The purpose of this short review study is to present a quantitative assessment of the recent advancement of ABB systems, especially ALW systems, for improved Indoor Air Quality (IAQ). To achieve this, the authors have conducted a literature search for peer-reviewed articles with a special focus on the application of ABB or ALW systems for indoor spaces for a period of the last 10 years. The literature search included mainly peer-reviewed journals along with conference papers and other scientific reports. The databases that have been searched mostly for relevant publications are Science Direct, Springer Link, and Wiley Online Library. The article’s selection was based on several criteria, including the construction of the systems, the efficiency of pollutant removal, system assessment condition, and impact of the ABB or ALW systems on other indoor environmental quality. Finally, the limitations of these systems and research gaps are highlighted for future improvement. The selected articles have been classified and presented in this review in two categories, mainly the air filtration systems in laboratory conditions and realistic indoor environments. Based on these two classifications, the application of ABB or ALW systems have been carefully evaluated and described in the following section. Hence, this mini review aims to:

  • Review the recent advancement of ABB systems to identify the indoor pollutant removal efficiency in quantitative manner
  • Review the construction strategy of the ABB or ALW systems along with the condition of the experiment environment (e.g., size of the room) to benefit the system’s future development
  • Highlight the research gaps and future outlook
Figure 1: Schematic of BIAB and ALW systems. Section (A, B) represents the front and side view of BIAB system where section (C) presents the cross-sectional view of ALW system (D) represents how an indoor living wall system would look like. (Ibrahim et al., 2018; Mannan and Al-Ghamdi, 2020).
Table 1: Summary of ALW systems. Analysis of the ALW/ABB studies performed in real and laboratory environment based on
construction and operation conditions and pollutant removal capacity…

Active Botanical Biofiltration for Better Indoor Air

This section reviews the application of the ABB system for indoor spaces from different perspectives to present the most recent developments, challenges, and opportunities of ABB for better IAQ. Table 1 summarizes the reviewed studies based on the construction and operation condition and pollutant removal capacity. Here, all the terms related to ABB systems (e.g., the terms ABB/ALW/AGW) have been used based on how they have defined in each specific research studies, although having the same mechanism for air filtration.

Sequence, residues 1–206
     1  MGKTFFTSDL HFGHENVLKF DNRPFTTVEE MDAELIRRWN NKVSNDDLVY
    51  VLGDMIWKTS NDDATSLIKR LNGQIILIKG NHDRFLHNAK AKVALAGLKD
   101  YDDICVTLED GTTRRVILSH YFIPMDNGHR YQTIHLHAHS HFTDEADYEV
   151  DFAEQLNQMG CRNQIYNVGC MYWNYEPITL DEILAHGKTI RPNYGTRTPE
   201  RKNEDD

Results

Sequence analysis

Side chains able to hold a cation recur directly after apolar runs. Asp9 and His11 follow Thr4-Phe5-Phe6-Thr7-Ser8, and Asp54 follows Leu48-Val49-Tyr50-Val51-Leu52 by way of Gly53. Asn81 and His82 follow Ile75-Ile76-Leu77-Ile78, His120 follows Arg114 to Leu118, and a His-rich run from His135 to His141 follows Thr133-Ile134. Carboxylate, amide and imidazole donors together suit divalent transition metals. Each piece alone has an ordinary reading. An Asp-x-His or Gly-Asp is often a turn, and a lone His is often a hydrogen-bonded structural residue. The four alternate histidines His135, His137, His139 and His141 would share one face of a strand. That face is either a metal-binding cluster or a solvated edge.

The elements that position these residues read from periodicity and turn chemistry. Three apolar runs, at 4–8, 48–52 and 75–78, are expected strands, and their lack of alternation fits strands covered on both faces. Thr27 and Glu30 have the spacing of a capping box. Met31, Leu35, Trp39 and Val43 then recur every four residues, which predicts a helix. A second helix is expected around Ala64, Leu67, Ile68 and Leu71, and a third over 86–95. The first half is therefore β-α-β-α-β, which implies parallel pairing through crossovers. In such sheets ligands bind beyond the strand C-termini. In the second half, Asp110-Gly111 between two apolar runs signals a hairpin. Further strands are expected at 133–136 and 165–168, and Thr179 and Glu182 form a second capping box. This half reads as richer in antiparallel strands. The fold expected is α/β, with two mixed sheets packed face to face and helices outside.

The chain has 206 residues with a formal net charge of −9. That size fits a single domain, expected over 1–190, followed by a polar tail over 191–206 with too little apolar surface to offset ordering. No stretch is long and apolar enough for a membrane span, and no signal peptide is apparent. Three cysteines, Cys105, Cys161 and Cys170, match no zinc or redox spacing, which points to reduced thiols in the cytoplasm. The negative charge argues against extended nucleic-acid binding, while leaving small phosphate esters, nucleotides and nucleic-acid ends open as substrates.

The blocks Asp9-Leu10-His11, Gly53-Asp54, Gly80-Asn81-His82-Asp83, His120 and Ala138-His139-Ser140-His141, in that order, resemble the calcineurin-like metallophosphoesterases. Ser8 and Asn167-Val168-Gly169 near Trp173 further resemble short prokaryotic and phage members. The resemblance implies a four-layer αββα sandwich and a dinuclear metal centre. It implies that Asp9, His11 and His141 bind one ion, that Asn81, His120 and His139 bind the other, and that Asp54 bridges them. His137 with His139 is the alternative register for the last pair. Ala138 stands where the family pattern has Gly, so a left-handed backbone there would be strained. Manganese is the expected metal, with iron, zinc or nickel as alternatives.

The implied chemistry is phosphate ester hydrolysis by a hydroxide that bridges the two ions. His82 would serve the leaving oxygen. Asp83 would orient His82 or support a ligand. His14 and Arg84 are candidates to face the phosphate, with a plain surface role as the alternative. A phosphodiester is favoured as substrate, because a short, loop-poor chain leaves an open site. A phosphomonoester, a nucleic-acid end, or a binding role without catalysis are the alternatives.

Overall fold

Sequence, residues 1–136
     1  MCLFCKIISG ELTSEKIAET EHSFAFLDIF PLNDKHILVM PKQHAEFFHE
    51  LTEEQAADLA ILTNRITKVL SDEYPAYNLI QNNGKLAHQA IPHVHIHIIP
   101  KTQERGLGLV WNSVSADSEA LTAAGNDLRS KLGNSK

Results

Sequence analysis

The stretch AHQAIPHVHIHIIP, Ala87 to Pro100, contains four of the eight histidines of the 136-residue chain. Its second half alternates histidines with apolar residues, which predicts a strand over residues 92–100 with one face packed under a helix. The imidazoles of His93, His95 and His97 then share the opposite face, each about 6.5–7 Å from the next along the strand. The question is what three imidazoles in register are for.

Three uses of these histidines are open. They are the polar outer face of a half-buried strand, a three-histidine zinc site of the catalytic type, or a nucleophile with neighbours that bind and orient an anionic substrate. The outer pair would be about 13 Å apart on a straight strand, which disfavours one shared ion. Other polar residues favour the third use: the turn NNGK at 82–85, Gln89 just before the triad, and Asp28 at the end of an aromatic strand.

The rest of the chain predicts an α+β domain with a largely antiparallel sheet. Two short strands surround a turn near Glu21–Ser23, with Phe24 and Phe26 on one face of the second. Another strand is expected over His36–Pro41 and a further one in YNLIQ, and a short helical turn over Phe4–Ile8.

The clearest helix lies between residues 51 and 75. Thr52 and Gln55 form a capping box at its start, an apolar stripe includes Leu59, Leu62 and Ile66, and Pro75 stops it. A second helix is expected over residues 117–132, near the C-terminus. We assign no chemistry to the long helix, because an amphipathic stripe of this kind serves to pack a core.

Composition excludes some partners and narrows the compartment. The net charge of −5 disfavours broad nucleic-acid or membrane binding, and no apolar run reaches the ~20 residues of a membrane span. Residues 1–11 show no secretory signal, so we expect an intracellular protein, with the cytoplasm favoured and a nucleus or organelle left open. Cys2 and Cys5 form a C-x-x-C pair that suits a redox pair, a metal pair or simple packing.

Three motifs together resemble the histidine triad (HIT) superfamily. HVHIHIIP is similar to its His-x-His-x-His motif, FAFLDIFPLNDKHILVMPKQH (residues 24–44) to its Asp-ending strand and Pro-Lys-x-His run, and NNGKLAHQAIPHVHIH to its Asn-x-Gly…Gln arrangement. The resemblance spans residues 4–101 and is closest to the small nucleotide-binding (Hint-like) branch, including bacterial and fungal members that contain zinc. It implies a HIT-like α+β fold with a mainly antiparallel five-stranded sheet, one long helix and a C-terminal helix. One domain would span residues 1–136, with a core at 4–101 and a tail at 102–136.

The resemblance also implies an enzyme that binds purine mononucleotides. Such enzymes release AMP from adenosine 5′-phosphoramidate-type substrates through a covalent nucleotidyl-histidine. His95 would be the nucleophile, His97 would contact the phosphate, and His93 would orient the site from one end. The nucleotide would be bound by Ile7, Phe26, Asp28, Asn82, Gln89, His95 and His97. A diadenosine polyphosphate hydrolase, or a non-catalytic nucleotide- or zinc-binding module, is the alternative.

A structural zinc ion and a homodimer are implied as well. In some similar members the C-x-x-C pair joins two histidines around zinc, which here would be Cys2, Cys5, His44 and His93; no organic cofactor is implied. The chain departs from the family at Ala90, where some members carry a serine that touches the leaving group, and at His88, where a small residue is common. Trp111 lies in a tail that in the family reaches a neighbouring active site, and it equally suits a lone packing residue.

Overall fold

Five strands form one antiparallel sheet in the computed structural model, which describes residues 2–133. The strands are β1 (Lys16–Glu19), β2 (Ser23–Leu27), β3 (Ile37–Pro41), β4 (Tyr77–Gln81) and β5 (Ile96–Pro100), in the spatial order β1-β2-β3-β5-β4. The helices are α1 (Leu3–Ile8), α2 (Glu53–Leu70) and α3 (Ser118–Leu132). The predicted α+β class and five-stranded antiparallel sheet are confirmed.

Active Botanical Biofiltration in Realistic Conditions

The investigation of an ABB prototype has been performed for both soluble and insoluble Volatile Organic Compounds (VOCs) and was developed based on three basic principles: the degradation of VOCs through plant root microorganisms, pollutant adsorption through activated carbon, and pollutant absorption by water (Wang and Zhang, 2011). This prototype was assessed in a typical office environment as well as in a full-scale stainless-steel test chamber. 5–32 vol% was found as the optimum water content range in the root bed for maximum VOC removal. Experimentation in real office conditions for 300 days indicated satisfactory single-pass removal efficiency for formaldehyde and toluene (90% and over 33%, respectively, for the first four days). Moreover, this ABB system successfully reduced the indoor air temperature by 0.5°C in the realistic environment, while the reduction of temperature was 1°C in laboratory conditions. The Relative Humidity (RH) increase for realistic and laboratory conditions was 17.7 and 9–13%, respectively. Furthermore, a reduction of 20% of the supply of outdoor air can be achieved using the ABB system and thus can save energy required by the building given that the concentrations of toluene and formaldehyde dictated the standard ventilation rate for this case. However, different climate zones should be investigated (including hot and cold) to justify the applicability of indoor ABB systems along with the energy-saving potential. Two pilot-scale AGWs were tested in both residential housing and a classroom to assess the removal capacity of both Total Volatile Organic Compounds (TVOCs) and PM (Pettit et al., 2019a). Analysis of the investigated data confirmed the reduction of TVOC and PM concentrations to a level that the classroom’s current HVAC system could not achieve in normal conditions. In the residential space, a 72.5% lower TVOC concentration was found compared to the control system when the AGW system was applied; the same occurred for residential PM. Although significant improvement was observed here, this study highlights the need for long-term experimentation and empirical validation assuring AGW systems’ efficiency in improving IAQ.